No, not a discourse upon the meaning of existence, but Swedish director Daniel Espinosa's new sci-fi thriller. I saw it the day before BOM's quaintly-named “ex”-tropical cyclone Debbie hit Brisbane: ex? Ex? It had howling gales, flooding rains, suburbs inundated, people drowned … Ex-cyclone? I say, if it looks like a duck and quacks like a duck - well, you get my drift.
But I digress.
Now, the topic of alien life form meets humans has been a staple of Hollywood sci-fi films more often than you and I have had hot dinners. Occasionally, the alien is friendly: think "ET", think the more recent "Arrival". Far more often, the alien is deadly hostile: think of the "Alien" series of films, "The Thing", and many others. "Life" definitely falls into the latter category.
A small party of astronaut-scientists on the International Space Station receives samples from the surface of Mars, via a robotic probe. On analysis, a sample proves to have a single-cell life form. Ring the bells and whistles! A life form from beyond Earth! Excitedly, the scientists try to cultivate this single cell. It starts to wriggle. And multiply. And grow.
And grow. It is intelligent. It is mean and ornery. It likes flesh. Human flesh. Especially astronauts. It gets loose and starts to hunt the astronauts down, one by one. Not only are they in a desperate struggle to save their own lives, they are in a desperate struggle to stop the life form (which has been named "Calvin") from reaching Earth.
From a screenplay by Rhett Reese and Paul Wernick, the story sounds merely like a cross between Ridley Scott's "Alien" from 1979 and Alfonso Cuaron's "Gravity" from 2013. In lesser hands than Daniel Espinosa's, this might have been so. But Espinosa is a proven master of the action thriller. Remember his movies "Safe House" and "Child 44"? Both exciting, edge-of-your-seat films. In "Life", Espinosa is helped by great special effects, an exciting music score, a taut, effective script, good performances from his players – and a neat, devastating twist at the end of the film that you probably won't see coming.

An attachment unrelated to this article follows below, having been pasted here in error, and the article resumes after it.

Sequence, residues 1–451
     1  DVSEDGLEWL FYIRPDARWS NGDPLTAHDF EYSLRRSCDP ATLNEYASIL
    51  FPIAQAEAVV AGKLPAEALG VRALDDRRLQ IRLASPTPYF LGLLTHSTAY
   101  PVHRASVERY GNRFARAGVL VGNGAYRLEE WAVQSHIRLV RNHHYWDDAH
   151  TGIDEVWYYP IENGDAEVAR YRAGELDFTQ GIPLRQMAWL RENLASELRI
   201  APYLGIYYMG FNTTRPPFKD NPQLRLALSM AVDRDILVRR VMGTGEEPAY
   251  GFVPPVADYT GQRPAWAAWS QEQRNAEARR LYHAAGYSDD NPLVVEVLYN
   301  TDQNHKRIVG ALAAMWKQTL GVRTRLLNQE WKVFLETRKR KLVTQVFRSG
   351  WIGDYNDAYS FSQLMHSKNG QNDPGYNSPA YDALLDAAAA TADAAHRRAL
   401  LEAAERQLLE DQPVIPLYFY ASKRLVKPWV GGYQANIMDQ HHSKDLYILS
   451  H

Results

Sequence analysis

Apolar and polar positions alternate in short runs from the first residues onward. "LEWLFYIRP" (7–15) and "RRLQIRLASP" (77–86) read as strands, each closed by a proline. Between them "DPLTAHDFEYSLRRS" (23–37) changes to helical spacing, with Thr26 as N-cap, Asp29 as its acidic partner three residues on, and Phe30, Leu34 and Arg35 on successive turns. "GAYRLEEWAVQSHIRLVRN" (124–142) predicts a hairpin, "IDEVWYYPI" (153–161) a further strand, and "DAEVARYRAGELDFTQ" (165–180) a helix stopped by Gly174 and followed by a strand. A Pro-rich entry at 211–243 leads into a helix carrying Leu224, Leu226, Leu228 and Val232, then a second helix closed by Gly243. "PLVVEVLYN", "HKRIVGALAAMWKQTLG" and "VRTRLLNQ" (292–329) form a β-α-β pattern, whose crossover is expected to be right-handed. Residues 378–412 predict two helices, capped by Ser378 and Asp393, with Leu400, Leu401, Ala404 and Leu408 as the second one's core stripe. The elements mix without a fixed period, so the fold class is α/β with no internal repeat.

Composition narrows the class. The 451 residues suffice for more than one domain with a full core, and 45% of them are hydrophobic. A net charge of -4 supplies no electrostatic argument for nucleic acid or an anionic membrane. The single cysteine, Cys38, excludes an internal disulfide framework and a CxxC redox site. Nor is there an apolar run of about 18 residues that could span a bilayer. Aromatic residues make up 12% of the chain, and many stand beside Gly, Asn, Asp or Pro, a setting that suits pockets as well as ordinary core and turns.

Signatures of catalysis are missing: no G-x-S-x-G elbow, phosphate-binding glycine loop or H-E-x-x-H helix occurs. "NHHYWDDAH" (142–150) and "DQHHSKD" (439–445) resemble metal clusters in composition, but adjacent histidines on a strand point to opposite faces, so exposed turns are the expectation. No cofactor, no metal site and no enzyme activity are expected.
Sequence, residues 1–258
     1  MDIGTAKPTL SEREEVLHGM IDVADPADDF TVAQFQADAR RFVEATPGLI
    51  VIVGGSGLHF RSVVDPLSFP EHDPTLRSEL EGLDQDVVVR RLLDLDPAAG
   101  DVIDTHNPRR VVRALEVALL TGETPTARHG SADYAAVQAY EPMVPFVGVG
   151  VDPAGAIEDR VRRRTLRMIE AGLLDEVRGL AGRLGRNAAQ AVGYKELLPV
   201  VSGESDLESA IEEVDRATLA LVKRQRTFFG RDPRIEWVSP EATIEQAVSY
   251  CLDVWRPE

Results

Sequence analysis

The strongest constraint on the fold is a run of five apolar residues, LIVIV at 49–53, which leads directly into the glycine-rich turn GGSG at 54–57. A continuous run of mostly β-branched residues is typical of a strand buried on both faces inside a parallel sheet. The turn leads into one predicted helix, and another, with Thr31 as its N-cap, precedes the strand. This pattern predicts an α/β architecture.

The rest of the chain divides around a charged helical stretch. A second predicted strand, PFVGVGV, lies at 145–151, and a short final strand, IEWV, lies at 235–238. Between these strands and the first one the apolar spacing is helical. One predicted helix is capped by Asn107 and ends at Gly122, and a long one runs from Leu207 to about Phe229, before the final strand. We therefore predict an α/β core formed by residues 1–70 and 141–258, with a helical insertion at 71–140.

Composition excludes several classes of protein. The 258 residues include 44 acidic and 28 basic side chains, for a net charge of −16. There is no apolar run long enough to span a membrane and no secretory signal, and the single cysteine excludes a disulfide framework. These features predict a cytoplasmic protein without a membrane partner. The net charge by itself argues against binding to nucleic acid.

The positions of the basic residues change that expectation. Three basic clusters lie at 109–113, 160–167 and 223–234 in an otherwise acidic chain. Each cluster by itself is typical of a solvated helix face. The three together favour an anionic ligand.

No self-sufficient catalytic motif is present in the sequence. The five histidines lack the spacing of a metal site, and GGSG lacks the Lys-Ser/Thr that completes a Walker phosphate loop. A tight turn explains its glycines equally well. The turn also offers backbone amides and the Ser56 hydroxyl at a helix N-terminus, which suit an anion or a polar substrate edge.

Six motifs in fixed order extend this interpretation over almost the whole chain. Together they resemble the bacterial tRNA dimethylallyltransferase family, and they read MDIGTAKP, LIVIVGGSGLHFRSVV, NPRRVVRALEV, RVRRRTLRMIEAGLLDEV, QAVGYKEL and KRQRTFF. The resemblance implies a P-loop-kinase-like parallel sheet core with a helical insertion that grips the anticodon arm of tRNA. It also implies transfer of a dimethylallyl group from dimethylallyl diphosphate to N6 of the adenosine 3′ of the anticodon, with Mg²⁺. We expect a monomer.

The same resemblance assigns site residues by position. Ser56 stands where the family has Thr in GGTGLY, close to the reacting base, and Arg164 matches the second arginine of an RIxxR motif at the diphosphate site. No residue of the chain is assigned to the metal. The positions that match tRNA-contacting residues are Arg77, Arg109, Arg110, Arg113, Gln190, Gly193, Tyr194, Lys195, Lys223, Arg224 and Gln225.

The only "name" actors in this movie are Jake Gyllenhaal as David Jordan, the senior medical officer on board the space station, Rebecca Ferguson as Miranda North, the quarantine officer, and Ryan Reynolds as Rory Adams, space pilot. Katerina Golovkina, the space station commander, is played by Olga Dihovichnaya; alone among the astronauts she is privy to a doomsday plan by her superiors on Earth to prevent and avoid the exact disaster unfolding aboard the ISS. But will it work? Will the rampaging Calvin – who looks like a cross between a jellyfish and an octopus – allow them enough time? Will anyone even survive to get back to Earth? And can they keep Calvin from hitching a ride with them? All these questions mount up with increasing drama and tension until the stunning conclusion.
I know this theme has been done before, many times, but I really enjoyed this movie. I didn't pick the surprise ending, and I was on the edge of my seat virtually all the way through. Espinosa is a good director who knows how to crank up the thrills and terror. His actors give him excellent support. I especially liked Dihovichnaya as the commander with the awful secret, but in truth, all the actors in this film are good. The settings in outer space are realistic, indeed, quite beautiful. Calvin is suitably terrifying.
My only substantial nit-picking criticism: in this movie, destruction and disintegration in space are terribly noisy. In reality, you wouldn't hear a thing. Not outside the ISS, anyway.
But this is a very minor criticism. We must remember we are dealing with a piece of Hollywood entertainment, where drama and effect are the name of the game, including terrifying sound effects. Overall, the whole package, I thought, was really very good. Even my female companion, who is not used to sci-fi films, liked it.
And it's short! Only about one hour and three quarters. Just the right length for a cracking good yarn.
My star rating (out of five): * * * *